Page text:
Shops selling non-essential goods to close, borders to remain open
The Consultative Committee made up of members of Belgium’s federal regional and language community governments has decided on a raft of further measures designed to help curb the spread of the novel coronavirus and reduced the pressure on our health care system. After a meeting lasting more than five hours the following measures were agreed. The measures will take effect at midnight on Sunday and will remain in force in the whole of Belgium for six weeks.
The half term school holidays that began this evening will be extended to last two full weeks and will end on Sunday 15 November.
After the school holidays the pupils in the second and third grade of secondary school (from the third year of secondary school) will be taught for 50% by means of distance learning and 50% face to face.
In higher education all lectures will be given by distance learning methods until the end of the year. The exceptions to this are first year students that will have some face to face teaching from 1 December and practicle lectures such as lab work.
Shops selling non-essential goods must close
All shops selling non-essential goods will have to close. As during the spring lockdown the shops that will be allowed to remain open are those selling food (both for humans and animals), pharmacies and newsagents. Large supermarkets that sell a range of non-food goods, for example clothes and electrical goods, will be restricted in what they can sell. This is to prevent unfair competition. Those that wish to an order goods from shops selling non-essential goods can do so and have them delivered or go and collect them themselves. The ban on shops selling non-essential goods will be reassessed on Tuesday 1 December.
As was the case during the spring lockdown so-called “non-medical contact professions”, hairdressers, barbers, nail bars, beauticians… will be forced to closed for as long as the measures are in force.
Bars and restaurants in hotels will be forced to close as well. Hotel guest may only consume food in their rooms.
From Tuesday 3 November all holiday parks will have to close.
Just one visitor per household
Unlike during the first lockdown households will be allowed to receive visitors. These visitors are a so-called “cuddle contacts”, someone with whom you have normal relations and don’t have to social distance with. Each family member is allowed one "cuddle contact" each. Those that live alone may have a second person that they can welcome into there home. Here though social distancing must be maintained or face masks worn. Both in the case of families and those that live alone just one visitor at once is allowed.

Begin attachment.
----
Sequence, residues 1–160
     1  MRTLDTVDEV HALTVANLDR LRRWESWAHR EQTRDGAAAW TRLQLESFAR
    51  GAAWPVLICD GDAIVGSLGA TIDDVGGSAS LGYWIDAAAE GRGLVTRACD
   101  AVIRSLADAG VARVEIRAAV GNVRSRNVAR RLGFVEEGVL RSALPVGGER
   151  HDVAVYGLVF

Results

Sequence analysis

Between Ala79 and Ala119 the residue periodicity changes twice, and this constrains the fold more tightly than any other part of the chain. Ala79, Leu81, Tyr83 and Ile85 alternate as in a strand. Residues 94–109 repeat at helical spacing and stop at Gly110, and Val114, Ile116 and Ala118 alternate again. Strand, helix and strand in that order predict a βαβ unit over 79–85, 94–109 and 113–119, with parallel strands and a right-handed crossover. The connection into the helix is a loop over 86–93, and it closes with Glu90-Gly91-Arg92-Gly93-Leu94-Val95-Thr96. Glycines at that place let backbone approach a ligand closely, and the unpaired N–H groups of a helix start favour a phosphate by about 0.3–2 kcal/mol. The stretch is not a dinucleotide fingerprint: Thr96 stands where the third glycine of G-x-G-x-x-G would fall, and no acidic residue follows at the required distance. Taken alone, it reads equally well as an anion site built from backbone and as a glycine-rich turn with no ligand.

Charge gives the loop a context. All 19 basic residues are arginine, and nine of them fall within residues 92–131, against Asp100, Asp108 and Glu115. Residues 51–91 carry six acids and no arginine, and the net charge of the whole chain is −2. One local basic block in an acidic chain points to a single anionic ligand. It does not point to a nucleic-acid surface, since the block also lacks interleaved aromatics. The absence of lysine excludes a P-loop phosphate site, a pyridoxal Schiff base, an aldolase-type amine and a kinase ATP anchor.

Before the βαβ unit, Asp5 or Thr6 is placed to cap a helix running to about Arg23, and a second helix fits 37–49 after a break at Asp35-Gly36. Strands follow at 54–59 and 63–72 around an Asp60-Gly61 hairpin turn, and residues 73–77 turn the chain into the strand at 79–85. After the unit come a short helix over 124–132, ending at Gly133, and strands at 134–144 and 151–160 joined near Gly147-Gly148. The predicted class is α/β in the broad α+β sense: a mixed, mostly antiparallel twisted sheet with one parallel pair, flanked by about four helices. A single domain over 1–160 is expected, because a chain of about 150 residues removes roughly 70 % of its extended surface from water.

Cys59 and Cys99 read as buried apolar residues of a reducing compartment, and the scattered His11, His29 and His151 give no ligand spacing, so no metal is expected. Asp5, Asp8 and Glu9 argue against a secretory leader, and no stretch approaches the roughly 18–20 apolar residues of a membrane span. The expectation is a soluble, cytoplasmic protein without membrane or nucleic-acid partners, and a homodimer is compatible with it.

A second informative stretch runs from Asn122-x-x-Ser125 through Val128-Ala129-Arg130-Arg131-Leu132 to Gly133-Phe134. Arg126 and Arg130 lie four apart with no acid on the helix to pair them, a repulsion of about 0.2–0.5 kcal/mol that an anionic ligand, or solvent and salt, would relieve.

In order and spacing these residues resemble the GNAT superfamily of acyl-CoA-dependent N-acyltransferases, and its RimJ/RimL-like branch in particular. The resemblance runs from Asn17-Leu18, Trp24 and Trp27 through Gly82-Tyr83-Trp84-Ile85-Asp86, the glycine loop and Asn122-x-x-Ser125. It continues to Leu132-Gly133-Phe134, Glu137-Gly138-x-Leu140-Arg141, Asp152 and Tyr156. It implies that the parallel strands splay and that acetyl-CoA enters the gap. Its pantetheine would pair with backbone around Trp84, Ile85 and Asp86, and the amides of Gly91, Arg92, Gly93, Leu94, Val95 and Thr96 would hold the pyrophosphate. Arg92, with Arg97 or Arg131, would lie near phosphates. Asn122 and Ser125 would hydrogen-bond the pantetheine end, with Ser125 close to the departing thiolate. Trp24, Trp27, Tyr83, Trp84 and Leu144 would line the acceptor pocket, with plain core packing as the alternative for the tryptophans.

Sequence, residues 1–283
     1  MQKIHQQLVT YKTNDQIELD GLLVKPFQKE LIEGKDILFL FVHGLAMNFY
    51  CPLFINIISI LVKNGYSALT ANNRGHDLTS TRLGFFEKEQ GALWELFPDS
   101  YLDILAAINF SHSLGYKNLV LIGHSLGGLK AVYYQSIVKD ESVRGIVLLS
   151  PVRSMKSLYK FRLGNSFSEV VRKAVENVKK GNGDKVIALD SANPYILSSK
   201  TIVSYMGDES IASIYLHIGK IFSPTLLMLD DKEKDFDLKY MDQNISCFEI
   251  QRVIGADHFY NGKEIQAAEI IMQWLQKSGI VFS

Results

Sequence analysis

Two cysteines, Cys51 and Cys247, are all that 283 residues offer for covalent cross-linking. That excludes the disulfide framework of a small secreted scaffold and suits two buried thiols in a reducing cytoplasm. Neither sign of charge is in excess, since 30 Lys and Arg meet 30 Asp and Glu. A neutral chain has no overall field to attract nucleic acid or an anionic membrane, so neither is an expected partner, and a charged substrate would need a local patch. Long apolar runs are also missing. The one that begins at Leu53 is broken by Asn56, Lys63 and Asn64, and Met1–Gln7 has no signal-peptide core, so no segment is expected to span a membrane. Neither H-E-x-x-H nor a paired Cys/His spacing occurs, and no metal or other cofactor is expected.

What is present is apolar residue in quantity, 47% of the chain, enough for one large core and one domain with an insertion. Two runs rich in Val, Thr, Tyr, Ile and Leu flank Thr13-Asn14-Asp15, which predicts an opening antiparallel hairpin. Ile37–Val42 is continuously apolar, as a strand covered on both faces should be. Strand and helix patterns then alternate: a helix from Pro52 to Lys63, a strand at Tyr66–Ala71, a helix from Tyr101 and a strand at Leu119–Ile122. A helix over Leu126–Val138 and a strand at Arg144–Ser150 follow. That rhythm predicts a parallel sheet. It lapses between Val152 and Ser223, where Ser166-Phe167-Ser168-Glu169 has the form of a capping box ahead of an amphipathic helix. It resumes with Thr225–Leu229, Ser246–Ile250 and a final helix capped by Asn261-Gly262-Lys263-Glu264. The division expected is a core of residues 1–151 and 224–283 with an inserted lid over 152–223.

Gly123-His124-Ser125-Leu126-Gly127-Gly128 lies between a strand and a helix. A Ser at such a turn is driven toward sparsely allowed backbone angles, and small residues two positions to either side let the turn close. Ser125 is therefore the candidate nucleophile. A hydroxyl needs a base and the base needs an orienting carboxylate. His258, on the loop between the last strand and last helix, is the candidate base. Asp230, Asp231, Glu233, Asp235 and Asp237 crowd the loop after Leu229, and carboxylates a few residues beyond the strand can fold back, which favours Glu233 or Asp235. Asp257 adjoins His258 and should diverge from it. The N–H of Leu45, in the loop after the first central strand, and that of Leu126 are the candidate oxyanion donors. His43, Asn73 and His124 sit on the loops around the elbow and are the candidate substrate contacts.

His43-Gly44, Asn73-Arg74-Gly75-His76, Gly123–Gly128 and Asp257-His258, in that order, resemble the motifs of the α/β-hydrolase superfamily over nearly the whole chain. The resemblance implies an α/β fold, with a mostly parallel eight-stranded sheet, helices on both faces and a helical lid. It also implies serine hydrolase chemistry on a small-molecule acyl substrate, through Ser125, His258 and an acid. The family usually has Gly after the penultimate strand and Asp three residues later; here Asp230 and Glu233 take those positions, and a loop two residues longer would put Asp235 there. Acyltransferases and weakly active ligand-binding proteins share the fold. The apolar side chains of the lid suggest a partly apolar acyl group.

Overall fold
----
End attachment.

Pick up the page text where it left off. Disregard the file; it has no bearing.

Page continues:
The “rule of four” remains in force for those meeting friends or extended family outside in the open air, for example to go for a walk or cycle ride. Here the standard measures regarding social distancing and face masks must be observed throughout.
Telework will be mandatory where this is possible. Where this is not possible employers must ensure that their employees can work safely. This means that social distancing, the rules regarding face masks and every possible other measure must be taken to prevent the virus from spreading.
Curfew remains in force, borders remain open
The curfew currently in force will remain so for the duration of the lockdown. However, unlike earlier this year Belgium's borders will not be closed. There will also not be a ban on non-essential journies.
"2,800 patients in intensive care by mid-November"
In his introduction, the Federal Prime Minister Alexander De Croo (Flemish liberal) spoke of that immense pressure that our health care system is currently under. By mid-November there will be 10,000 COVID patients in our hospitals, of whom 2,800 on intensive care wards.
The Prime Minister called on Belgians to get behind those working in health care and the best way we can do this by limiting our physical contacts and not giving the virus the opportunity to spread.
All the measure listed above come on top of the measures that are currently already in force.